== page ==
Usonian houses typically exhibited a number of planning and construction characteristics. Instead of decoration Wright relied on the beauty of natural materials. Many of the components of traditional building were eliminated, and standard materials and details were adapted to a geometric module. "Sandwich walls," consisting of a plywood center lined with building paper and faced with interior and exterior siding, held together with screws, and a simple slab roof carried on laminated 2x4 supports provided most of the basic enclosure of the Usonian house.

It had a functional spatial flew arranged around a masonry "core" with the kitchen











The Crimson Beech




The Crimson Beech





Lighthouse Hill, Staten Island

August 14, 1990, Designation List 226 LP-1773

"The Crimson Beech" (Cass House) on Staten Island is the only residence, and one of only two complete buildings, in New York City designed by American master architect Frank Lloyd Wright. An example of the "Prefab No. 1" prefabricated house designed by Wright in 1956 for builder Marshall Erdman & Associates of Madison, Wisconsin, "The Crimson Beech" was built in 1958-59 under the supervision of Wright's associate Morton H. Del son.

The Erdman prefabs were Wright's last major attempt in his long career to address the problem of well-designed moderate-cost houses, and despite the lesser cost he achieved a design quality consistent with his previous residential work. The components of the house were shipped by truck from Madison and assembled on a steep site on Lighthouse Hill overlooking Richmondtown.

A low, L-shaped, horizontally-articulated residence employing an architectural vocabulary characteristic of Wright's Usonian houses, it is faced in cream-colored painted Masonite with redwood battens and smooth-faced red brick, and has a carport, a reddish-painted terne metal gabled roof, and clerestory windows on the front and large expanses of glass on the rear.

The residence was commissioned by William and Catherine Cass after seeing Wright in a television interview, and the house has been very well maintained by the original client. "The Crimson Beech" took its name from a large several-hundred-year-old copper beech tree formerly growing in the front yard.

Frank Lloyd Wright and Moderate-cost Houses

Although American master architect Frank Lloyd Wright (1867-1959) is perhaps best known for his residential commissions for the well-to-do and for his wide range of monumental designs, he also had an interest throughout his extraordinarily long career in the problem of producing well-designed moderate-cost housing. As stated by Bruce Brooks Pfeiffer, director of the Frank Lloyd Wright Archives, Wright strongly believed that the average American was entitled to a home that could also be a work of art..~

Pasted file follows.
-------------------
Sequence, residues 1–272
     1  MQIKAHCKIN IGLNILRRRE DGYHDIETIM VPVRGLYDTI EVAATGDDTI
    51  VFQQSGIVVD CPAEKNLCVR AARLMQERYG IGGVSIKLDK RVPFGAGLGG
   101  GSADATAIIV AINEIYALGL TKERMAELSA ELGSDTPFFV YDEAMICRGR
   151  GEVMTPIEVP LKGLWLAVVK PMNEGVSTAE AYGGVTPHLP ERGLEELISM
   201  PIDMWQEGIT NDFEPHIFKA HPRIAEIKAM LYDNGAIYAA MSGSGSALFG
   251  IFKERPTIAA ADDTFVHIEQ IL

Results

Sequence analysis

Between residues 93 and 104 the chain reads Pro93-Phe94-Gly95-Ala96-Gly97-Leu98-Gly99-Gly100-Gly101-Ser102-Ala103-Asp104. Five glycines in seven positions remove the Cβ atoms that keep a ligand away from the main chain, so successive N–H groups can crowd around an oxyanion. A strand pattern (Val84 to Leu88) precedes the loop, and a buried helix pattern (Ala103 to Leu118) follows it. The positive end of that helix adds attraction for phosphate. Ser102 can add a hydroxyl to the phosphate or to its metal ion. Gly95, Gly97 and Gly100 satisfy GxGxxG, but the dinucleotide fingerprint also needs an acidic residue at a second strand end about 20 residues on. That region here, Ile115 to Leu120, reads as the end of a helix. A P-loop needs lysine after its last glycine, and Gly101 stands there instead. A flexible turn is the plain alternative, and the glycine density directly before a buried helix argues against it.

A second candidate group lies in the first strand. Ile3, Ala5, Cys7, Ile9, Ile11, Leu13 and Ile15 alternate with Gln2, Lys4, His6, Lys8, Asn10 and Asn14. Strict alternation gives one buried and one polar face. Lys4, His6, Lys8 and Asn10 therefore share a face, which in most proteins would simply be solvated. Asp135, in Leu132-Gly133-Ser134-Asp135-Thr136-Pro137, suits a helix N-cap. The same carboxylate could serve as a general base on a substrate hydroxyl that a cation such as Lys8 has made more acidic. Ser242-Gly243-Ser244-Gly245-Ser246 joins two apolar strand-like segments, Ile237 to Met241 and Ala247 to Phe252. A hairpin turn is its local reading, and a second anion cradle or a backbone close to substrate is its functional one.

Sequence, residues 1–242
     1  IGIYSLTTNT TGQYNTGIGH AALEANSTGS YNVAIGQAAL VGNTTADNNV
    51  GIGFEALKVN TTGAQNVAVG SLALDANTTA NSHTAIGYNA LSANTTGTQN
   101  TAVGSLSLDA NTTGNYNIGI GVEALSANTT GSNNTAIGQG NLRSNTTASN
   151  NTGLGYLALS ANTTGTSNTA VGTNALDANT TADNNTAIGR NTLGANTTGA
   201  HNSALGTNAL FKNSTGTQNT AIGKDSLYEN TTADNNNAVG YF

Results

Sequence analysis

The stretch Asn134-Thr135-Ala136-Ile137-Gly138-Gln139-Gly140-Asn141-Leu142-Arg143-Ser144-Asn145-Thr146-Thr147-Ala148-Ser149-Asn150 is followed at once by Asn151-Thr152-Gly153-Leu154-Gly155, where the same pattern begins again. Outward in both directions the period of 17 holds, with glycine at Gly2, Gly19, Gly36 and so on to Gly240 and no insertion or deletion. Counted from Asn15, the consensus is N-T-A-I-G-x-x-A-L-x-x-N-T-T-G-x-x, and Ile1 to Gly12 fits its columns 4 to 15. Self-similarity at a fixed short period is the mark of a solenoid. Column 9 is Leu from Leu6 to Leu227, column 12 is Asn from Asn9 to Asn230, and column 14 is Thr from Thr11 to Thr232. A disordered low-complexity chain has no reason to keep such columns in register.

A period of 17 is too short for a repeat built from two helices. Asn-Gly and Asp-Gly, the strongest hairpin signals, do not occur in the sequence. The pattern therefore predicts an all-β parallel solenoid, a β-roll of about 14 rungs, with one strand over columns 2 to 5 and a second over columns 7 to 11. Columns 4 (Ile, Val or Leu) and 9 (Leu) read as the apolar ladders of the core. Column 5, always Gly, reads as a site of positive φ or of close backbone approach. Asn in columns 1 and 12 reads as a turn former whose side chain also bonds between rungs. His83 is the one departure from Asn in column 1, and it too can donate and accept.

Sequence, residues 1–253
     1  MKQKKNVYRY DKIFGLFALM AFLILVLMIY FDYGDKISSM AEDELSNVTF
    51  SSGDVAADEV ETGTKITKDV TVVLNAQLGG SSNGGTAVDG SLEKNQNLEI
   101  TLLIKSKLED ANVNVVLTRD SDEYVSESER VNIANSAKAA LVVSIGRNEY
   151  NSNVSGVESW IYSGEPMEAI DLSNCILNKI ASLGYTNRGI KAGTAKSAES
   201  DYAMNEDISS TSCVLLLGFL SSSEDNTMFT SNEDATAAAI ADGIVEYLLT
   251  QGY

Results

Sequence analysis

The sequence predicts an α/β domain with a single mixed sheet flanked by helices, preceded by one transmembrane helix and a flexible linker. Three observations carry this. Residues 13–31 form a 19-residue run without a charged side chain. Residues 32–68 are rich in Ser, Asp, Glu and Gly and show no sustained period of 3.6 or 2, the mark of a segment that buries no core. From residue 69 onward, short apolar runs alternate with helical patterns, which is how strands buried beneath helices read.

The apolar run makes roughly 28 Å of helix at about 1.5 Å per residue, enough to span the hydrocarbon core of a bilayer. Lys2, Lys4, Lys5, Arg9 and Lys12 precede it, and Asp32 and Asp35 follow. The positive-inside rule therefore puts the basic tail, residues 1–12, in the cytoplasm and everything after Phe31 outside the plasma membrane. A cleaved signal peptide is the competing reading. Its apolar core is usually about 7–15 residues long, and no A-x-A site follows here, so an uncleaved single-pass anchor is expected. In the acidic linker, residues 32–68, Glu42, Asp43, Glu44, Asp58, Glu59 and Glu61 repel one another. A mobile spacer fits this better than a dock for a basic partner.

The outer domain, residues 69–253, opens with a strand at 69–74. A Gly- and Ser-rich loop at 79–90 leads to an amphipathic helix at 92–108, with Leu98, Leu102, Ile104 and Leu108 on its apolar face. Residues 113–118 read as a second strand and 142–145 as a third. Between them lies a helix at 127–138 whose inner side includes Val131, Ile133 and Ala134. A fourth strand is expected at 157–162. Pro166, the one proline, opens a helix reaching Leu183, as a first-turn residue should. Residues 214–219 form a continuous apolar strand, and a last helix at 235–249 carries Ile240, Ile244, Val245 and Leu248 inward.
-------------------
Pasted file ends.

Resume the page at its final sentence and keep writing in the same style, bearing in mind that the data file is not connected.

He knew that if the maxim was to apply to the 1 ewer-income home, it would require either prefabrication or a systems-built method of construction. It meant, he explained, that the home would have to go to the factory, rather than skilled labor coming onto the building site.

As early as 1901, Wright produced a series of designs for moderate-cost model suburban houses for the Ladies Home Journal, which included "A Small House with 'Lots of Room in It'" and "A Fireproof House of $5000." In the 1910s he developed an innovative semi-prefabrication scheme called the "American Ready-Cut System," in which lumber pre-cut in the factory could be assembled at the site in a variety of designs.

In 1916 a number of wood and plaster houses and duplex apartments were built in Milwaukee by Arthur L. Richards employing this system. Wright's intention was "an organization systematized in such a way that the result is guaranteed," cutting out "the tremendous waste that has in the past made house building on a beautiful scale possible only to the very rich."

His textile block houses in California of the 1920s, a project for sheet metal houses in California (1937), and his revival of the use of textile blocks in 1951 also demonstrate his involvement in different construction systems and affirm his interest in prefabrication.

In 1932 Wright spoke before the National Association of Real Estate Boards, discussing the concept of "the assembled house," and remarked that "there is no reason why the assembled house, fabricated in the factory, should not be made as beautiful and as efficient as the modern automobile."

In 1936-37 many of Wright's ideas about moderate-cost housing came to fruition with his first completed "Usonian" house, for Herbert Jacobs in Madison, Wisconsin. In the Usonian house, Wright's "dwelling place that has no feeling at all for the 'grand' except as the house extends itself in the flat parallel to the ground," Wright re-worked many architectural themes he had previously employed some thirty years before in his Prairie houses.

Usonian houses typically exhibited a number of planning and construction characteristics. Instead of decoration Wright relied on the beauty of natural materials. Many of the components of traditional building were eliminated, and standard materials and details were adapted to a geometric module. "Sandwich walls," consisting of a plywood center lined with building paper and faced with interior and exterior siding, held together with screws, and a simple slab roof carried on laminated 2x4 supports provided most of the basic enclosure of the Usonian house.

It had a functional spatial flew arranged around a masonry "core" with the kitchen, bathroom,









lighthouse yard decorations